Category Archives: News

Drinkhacker Reads – 08.04.2014 – Bonham’s to Present Japanese Whisky Auction

For those with ample money to spend and a die hard interest in quality spirits, take note: Bonham’s is once again hosting Asia’s largest Japanese Whisky auction, with a chance to score one of the world’s rarest bottlings: a 50 year old Yamazaki. A full catalog of auction items is currently ready for perusal. So get your currency converted and ready to go for August 15th, because this is sure to be quite good fun. [The Drinks Business]

We haven’t had a celebrity endorsement of interest in quite some time. For a while it seemed as if there was one appearing at least once a week, but this one is a bit different. E-40 has been in the rap game for a long time with a reasonable amount of success, establishing a loyal fan base and with longevity most other rappers would enviously take if given the option. What makes his story so great is the second act of his career: Building a pretty successful stable of wine releases over the past two years. The Sacramento Bee goes on to call him the “Robert Mondavi of hip-hop”, but we’d like to think of him as a pretty great grape wrangler independent of his music career. [Sacramento Bee]

Elsewhere, 10 Barrel Beer is currently recalling bottles of two brands of beer due to bottles exploding. Its “Beer #1″ and appropriately-named “Swill” lines have been having fermentation problems resulting in exploding glass bottles. [King 5 News]

Forbes runs a profile piece on Buffalo Trace, the latest in a seemingly long line of articles about the distillery in the last months. Not much here that fans don’t already know, but for people just discovering the brand it may be worth a read.[Forbes]

And finally today, a sobering look at climate change, how it’s impacting wine production in Australia and Africa, and what the future holds for the industry both in terms of quality and quantity. [Quartz]

Drinkhacker Reads – 07.30.2014 – Crafty Practices Running Rampant

Is the tide finally turning? Shanken discusses a bit of a problem the vodka industry is facing right now: their flavored vodka lines just aren’t selling the way they once were. Hopefully this is a sea change for folks looking for something a bit less absurd than vodka which tastes like lawn clippings, or asphalt, or wax candles, or whatever the industry is trying to sell these days. [Shanken News Daily]

Will consumers embrace no-age statements on scotch? This is the question the Spirits Business poses in a recent article discussing recent changes to the industry. A better question to possibly ask is: will they have a choice? It seems as if this practice isn’t just for Scotch either: Bourbon is heading in the same direction as well, with a few Sazerac brands recently removing age statements from their bottles. [The Spirits Business]

The Daily Beast runs a profile piece on Lawrenceburg, Indiana’s MGP, a place where many of the “craft”/”artisan” distilleries are currently sourcing their stock. Much has been made lately of the craft debate, with some people asking for more transparency while others are asking if we’re taking this all a bit too seriously. [Follow up: Dave Lieberman from OC Weekly publishes a rebuttal to the original Daily Beast article, and the reddit majority fires up its cylinders for the day.] [The Daily Beast]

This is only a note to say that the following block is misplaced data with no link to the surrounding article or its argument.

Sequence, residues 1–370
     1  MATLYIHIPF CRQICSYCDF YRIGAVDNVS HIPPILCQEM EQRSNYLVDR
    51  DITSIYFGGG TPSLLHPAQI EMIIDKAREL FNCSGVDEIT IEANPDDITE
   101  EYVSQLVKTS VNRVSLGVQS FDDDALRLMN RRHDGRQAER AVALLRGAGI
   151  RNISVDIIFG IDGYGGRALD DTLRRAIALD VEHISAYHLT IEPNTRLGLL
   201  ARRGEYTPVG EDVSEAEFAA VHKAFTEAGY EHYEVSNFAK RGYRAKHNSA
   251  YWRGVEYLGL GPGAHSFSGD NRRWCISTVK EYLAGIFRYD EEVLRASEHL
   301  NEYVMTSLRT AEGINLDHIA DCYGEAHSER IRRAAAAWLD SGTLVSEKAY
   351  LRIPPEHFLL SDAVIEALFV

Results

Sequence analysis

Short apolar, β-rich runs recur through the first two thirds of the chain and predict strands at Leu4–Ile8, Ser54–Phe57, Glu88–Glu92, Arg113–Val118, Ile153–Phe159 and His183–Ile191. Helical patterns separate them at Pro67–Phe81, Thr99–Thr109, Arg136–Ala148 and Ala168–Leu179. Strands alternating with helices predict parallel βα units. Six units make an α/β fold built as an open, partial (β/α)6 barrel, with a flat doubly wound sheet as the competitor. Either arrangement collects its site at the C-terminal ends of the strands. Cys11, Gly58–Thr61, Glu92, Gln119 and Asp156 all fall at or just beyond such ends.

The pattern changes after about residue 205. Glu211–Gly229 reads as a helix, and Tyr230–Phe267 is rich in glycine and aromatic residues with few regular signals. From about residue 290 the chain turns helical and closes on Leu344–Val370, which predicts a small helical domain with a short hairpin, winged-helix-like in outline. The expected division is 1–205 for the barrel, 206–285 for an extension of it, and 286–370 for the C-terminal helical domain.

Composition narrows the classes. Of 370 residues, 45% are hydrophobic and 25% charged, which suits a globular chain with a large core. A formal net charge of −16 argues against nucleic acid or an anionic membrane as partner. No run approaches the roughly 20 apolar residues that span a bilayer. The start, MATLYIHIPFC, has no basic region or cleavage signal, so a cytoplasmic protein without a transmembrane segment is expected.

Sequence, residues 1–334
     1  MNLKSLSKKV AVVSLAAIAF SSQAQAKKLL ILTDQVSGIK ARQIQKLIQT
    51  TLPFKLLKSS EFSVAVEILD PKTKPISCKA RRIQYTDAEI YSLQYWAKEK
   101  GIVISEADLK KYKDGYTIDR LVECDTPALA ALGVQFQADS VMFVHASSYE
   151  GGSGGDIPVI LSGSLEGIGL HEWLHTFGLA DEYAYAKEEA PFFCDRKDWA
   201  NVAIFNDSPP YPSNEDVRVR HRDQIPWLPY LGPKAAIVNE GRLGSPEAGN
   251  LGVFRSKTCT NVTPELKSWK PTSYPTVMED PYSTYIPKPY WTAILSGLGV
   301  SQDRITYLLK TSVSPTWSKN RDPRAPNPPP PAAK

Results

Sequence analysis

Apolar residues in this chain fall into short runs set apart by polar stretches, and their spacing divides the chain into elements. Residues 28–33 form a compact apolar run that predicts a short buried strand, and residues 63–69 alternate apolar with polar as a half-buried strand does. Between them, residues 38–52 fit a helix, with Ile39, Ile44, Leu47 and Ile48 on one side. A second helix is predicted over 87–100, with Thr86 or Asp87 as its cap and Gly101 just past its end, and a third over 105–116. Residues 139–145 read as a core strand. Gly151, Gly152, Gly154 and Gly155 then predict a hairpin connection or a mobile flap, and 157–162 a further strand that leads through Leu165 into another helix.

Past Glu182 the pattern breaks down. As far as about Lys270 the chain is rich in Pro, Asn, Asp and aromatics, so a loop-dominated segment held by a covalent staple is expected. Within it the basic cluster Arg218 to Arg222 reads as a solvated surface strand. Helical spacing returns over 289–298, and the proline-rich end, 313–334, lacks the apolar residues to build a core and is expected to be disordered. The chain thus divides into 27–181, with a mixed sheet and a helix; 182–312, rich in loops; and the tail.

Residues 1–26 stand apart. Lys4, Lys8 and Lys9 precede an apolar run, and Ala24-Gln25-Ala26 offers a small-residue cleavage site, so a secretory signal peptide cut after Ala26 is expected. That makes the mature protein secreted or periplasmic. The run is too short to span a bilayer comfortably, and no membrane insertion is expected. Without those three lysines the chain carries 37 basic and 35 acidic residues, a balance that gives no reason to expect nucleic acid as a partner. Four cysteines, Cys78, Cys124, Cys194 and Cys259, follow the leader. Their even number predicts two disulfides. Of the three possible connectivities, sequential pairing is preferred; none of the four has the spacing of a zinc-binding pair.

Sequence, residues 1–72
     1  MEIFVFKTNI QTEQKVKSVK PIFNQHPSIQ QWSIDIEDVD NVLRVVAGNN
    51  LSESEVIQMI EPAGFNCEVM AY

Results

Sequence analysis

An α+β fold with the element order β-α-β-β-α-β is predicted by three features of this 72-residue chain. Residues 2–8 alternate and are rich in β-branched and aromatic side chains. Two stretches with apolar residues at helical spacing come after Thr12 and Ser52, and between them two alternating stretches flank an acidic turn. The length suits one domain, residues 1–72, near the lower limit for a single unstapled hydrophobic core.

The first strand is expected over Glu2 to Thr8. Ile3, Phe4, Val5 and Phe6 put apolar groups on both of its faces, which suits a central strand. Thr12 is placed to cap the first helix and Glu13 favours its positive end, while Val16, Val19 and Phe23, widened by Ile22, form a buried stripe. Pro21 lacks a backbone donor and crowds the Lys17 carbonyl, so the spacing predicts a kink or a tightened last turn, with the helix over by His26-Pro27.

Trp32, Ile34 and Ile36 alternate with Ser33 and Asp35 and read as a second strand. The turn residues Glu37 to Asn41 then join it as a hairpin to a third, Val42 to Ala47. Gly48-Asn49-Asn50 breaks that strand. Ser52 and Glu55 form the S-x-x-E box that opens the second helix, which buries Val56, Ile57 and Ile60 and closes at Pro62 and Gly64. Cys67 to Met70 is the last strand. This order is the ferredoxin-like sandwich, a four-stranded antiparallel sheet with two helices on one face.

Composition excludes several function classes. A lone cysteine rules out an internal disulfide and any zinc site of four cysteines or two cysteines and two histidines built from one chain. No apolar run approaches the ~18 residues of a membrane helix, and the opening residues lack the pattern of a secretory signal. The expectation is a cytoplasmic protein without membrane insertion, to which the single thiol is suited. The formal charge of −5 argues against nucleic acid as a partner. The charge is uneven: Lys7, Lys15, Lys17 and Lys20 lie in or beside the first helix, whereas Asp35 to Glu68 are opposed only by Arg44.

And finally today, a new study from the Center on Alcohol Marketing and Youth at the Johns Hopkins and the Boston University School of Public Health has determined that underage drinkers are three times more likely to drink brands advertised on television programs they watch compared to other alcohol brands. The results help to reinforce a 2012 linking television and media identity to brand loyalty and familiarity among underaged drinkers, and another recent study linking pop music and alcohol brands. [Science Codex]

Drinkhacker Reads – 07.28.2014 – Whiskey Cats Rule Edition

It’s a commonly known fact that cats are the glue which keeps the internet together and running in ship-shape. What’s lesser known is that cats are also responsible for keeping bourbon distilleries safe, making sure at night that mice/unsavory folk never help themselves in the warehouses (fact: cats can also call 911). So it was with great sadness when we learned of the passing of Elijah, the 19 year old guardian cat of Woodford Reserve. Named after one of the founding fathers of bourbon, Elijah was often a presence on the Woodford Reserve tours, and we can recall many a time when we’d see him basking in the sun, eyeballing suspicious tourists, or barking orders at an employee to get the barrels inside faster. Our hearts go out to the Woodford Reserve crew. [Lexington Herald-Leader]

Congrats to Han Shan, whose catchy name will no doubt be one that trips off the tongue as Hudson Whiskey’s new brand ambassador. Chosen from thousands of applicants, Han Shan (whose name literally means “Cold Mountain” in Chinese) won a nationwide competition and will be traveling the world spreading the gospel of Hudson in short order. Here’s hoping he makes the transition to hooch after being a noted environmental activist and advocate of several social justice causes. [Hudson Whiskey]